Short Stories, Irish literature, Classics, Modern Fiction and Contemporary Literary Fiction, The Japanese Novel and post Colonial Asian Fiction are some of my Literary Interests





Monday, April 27, 2015

"Millie and Bird" by Avril Joy - The 2012 Costa Award Winning Story







Note Added April 29, 2015.  The Long List for The Frank O'Connon Prize was announced yesterday.  Avril Joy's collection, Millie and Birds - Tales of Paradise was on the list. In May I hipe to do a major post on her full collection.  Also please look for a Q and A session with Avril Joy coming soon.  

Sometimes a long path leads us from one writer to another, the reading life can take us down many an unexpected road.  About five and a half years ago I was just starting to overcome a very misguided life long disinterest in the short story.  I used to check almost daily to see what the short story of the day would be on the webpage, East of the Moon Short Stories.  One morning the story was "Miss Brill" by Katherine Mansfield.  I liked this story so much I ended up reading and posting on all of her short stories in her four collections.  I was just getting into short stories and I realized she was not just a great writer but a figure of significant cultural importance.  I very happily was given the opportunity to read a just published biography Katherine Mansfield - The StoryTeller by Kathleen Jones.   Ever since then I have looked to the webpage of Kathleen Jones for other new to me reading ideas.  Recently after reading of her great admiration for the work of Avril Joy I felt a strong need to read Joy's 2013 Costa Award Winning Story, "Mille and Bird".  Once I knew the central characters were two sisters 16 and 13 I thought being the father of three daughters, two still teenagers, I really felt this was a story I really should read right soon.

Having now read "Millie and Bird" three times I can give it my highest endorsement.  The girls are from a at least partially dysfunctional family, their mother is a heavy drinker and their father is, in this  story at least, missing.  The narrator is the sixteen year old.  As any parent can tell you, the gap between a 13 year old and a 16 year old is huge.  Joy does a great job of showing us the many subtle nuances in the relationships between the girls and their mother. The conversations are small gems. The sixteen year old is growing up a little to fast, for me as a father at least, but with an often passed out drunk mother she does not have a lot of options.  I don't want to tell very much of the marvelous plot of the story but the starting event is when a neighbor   gives 13 year old Millie a bird, which she calls just "Bird".  There are interesting minor characters in the story and all is not bleak with the mother either.  Something terrible and a bit mysterious happens that really intrigued me.  I very much enjoyed this great story.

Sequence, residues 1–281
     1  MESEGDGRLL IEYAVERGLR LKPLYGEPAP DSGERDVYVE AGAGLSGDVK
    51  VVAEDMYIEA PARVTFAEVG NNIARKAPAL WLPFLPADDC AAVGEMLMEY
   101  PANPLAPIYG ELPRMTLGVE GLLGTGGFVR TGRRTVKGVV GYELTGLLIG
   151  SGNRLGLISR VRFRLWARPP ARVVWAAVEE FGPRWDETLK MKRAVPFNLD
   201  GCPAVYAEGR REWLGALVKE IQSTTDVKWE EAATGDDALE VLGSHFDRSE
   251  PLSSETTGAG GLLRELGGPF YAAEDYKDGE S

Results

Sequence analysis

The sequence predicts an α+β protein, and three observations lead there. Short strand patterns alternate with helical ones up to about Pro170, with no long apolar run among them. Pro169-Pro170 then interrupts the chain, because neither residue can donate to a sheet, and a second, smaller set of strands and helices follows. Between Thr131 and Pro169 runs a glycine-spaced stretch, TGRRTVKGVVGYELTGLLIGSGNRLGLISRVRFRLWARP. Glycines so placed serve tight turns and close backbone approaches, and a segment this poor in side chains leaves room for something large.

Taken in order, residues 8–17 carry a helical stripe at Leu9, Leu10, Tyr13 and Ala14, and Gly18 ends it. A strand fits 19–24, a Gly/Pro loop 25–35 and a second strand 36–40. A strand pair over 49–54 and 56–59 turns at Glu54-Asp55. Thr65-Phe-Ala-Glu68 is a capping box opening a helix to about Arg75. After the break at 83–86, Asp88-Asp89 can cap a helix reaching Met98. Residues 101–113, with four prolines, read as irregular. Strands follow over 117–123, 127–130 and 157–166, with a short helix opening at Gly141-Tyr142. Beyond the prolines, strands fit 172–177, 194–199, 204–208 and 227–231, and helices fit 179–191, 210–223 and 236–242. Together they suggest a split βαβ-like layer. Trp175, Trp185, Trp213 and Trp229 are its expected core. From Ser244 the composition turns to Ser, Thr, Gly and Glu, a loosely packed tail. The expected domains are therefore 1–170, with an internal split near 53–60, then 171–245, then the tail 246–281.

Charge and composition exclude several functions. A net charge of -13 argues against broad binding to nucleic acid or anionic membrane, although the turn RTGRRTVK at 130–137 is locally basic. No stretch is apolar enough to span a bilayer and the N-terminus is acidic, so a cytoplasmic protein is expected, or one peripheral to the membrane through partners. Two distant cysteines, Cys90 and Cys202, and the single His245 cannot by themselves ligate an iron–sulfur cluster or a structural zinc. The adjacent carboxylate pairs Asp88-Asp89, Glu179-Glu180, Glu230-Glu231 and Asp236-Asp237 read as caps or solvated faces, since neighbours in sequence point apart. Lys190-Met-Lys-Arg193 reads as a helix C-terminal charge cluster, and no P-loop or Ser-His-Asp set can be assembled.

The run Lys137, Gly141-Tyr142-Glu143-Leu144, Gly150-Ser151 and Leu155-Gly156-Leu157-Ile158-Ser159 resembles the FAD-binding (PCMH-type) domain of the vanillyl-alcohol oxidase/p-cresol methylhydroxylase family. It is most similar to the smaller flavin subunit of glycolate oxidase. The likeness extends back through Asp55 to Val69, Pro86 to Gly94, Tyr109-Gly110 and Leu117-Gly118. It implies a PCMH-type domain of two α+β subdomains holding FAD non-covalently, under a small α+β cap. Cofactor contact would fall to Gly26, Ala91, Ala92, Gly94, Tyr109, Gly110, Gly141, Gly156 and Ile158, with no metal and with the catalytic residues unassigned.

Official Bio from Author Webpage

I was born and brought up on the Somerset Levels, the setting for my first novel, The Sweet Track, published in 2007 by Flambard Press. I left Somerset for  U.E.A, and a degree in the History of Art, then lived in London where I taught in Greenwich and Deptford and did a year at Goldsmith’s before moving north.

I travelled in India, Kashmir and Nepal for a while and when I came back I started work as a temporary teacher in a women’s prison HMP Low Newton, on the outskirts of Durham city.  I met Writer-in-Residence Wendy Robertson here and that’s when I started writing. Until then I had no thoughts about being a writer.

In 2003 I won a Northern Promise Award, from New Writing North and in 2008 I left my job, I was by this time a prison Governor with responsibity for learning and skills development, in order to write. I hadn’t meant to stay at Low Newton for so long but almost from the start I became deeply involved with the women and their lives – read more here and in many ways that never leaves me.

I for sure hope to read a lot more by Avril Joy. In just a few pages her story took me into a world different from mine and in so doing made me see connections in lives very diverse from each other, on the surface at least.  Daughters can be a mystery, especially teenagers, to a father and this story made me think about my relationship to my girls.



Mel u







1 comment:

Parrish Lantern said...

Also being a father of a teenage girl, this appeals, although not sure if it would help me with understanding her any better :-)